Moisture is the enemy of the next step – lacquering. A wet spot, the tiniest bit of water, or a person sneezing on the medal's dry surface, will, in time, cause dark spots to form on the medal's surface under the lacquer (it is even called water spot). Every effort is made to dry the medals thoroughly, both sides, then get them in the lacquer spray booth at once. The rack is laid on a turntable in the spray booth. A spray gun – the best method

For applying lacquer – is passed over the medals once back and forth. The rack is rotated one quarter turn. The medals are sprayed again, once. Thus the medals have received the minimum amount of lacquer but in two directions, once horizontal, once vertically.

This thin coating of lacquer is perfect. It is so thin (less than a few thousandths of an inch) it cannot be seen with the naked eye. With any additional spraying the lacquer would build up in the corners and be unsightly. Dipping causes this more so, and brushing (the only other ways of applying lacquer) leaves brush marks. Spraying is ideal.

Applying the light lacquer coating while the medals are still warm from their heat lamp drying treatment will give a matte appearance to their surface. If a glossy finish is desired additional passes of the spray gun with a heavier coating will increase the reflectiveness to give the surface a shinny appearance.

The lacquer is usually clear. However, the lacquer can be colored, by adding metal powders (bronze powders), dyes or tints. Thus the spraying can keep the color of previous metal coloring (with transparent lacquer), or change it drastically, or only slightly.

With one side of the medals sprayed both directions, an empty rack is placed over the medals, and by holding the two racks tightly together, the operator can flip this over, to lay the second rack on the turntable and spray the second side of the medals. The lacquer drys almost instantly, the finishing of the medals are now complete and need only to be carried to the next workstation for any mounting, fabricating, edge lettering or numbering, or for inspection and packaging.

Imitating gold and silver. Not surprising, a lot of the activity in the finishing department is to make metal objects appear more attractive or desirable. Base metal items are often desired to be colored gold or silver. Undoubtedly this is a carry over from the jewelry field where so many of these processes were developed. Objects are struck or cast in base metals for the lower metal cost and given a surface, or coating, or finish, to appear as the more expensive noble metals.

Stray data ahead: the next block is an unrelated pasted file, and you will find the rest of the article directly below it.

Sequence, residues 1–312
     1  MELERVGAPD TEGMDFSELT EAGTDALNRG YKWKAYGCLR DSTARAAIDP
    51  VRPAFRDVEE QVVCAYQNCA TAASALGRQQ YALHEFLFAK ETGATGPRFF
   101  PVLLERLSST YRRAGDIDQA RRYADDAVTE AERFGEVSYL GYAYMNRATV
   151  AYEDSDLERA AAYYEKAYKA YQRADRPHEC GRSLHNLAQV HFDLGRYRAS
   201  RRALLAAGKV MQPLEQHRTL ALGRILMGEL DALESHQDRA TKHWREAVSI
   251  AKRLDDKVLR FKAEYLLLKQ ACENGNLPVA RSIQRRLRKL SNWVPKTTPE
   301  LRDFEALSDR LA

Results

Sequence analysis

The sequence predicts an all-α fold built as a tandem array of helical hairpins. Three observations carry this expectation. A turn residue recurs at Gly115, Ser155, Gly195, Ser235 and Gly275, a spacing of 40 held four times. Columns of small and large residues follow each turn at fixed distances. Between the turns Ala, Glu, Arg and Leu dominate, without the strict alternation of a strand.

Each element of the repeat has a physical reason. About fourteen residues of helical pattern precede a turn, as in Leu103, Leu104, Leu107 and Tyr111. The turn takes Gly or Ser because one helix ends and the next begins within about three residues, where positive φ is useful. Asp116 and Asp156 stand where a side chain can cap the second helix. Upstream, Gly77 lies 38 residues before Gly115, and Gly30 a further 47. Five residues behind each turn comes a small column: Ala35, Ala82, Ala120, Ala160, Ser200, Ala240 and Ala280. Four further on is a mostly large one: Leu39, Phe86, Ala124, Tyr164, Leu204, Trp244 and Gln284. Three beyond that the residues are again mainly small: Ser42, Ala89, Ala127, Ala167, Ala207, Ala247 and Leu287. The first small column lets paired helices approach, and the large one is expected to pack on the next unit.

While some metal compositions are chosen to imitate gold – brass, goldene, oroide – several methods imitate gold with layering (as rolled gold), clad, or electroplating with the outer layer actually gold. nickel silver is a composition in imitation of fine silver. But silver can even be imitated with silver wash, silvered, silverclad, and silverplate. The finishing department must be able to work with all of these, but most often utilizes gold and silver plating.

Electroplating. A well equipped finishing department for medal manufacturing will require both gold and silver electroplating tanks. These are used for finishing medallic items with the required surface color by plating. Usually, because the finishing foreman has the knowledge of electrolysis, he is also in charge of making galvanos by electrolysis even though this is a production of the item, not just the finishing (unless the galvano is required in a further production step, as a dieshell, in which case it is not required to be finished).

Medallic items to be plated are placed on racks which are immersed in the electrolyte solution. Anodes of the pure medal – gold or silver – are also in the solution. The items to be plated are the cathode. Electric current is turned on and, by the process of electrolysis, the metal is leached from the anodes and deposits on the cathode (the medallic items). A further description of this process is given under the entry on electroplating.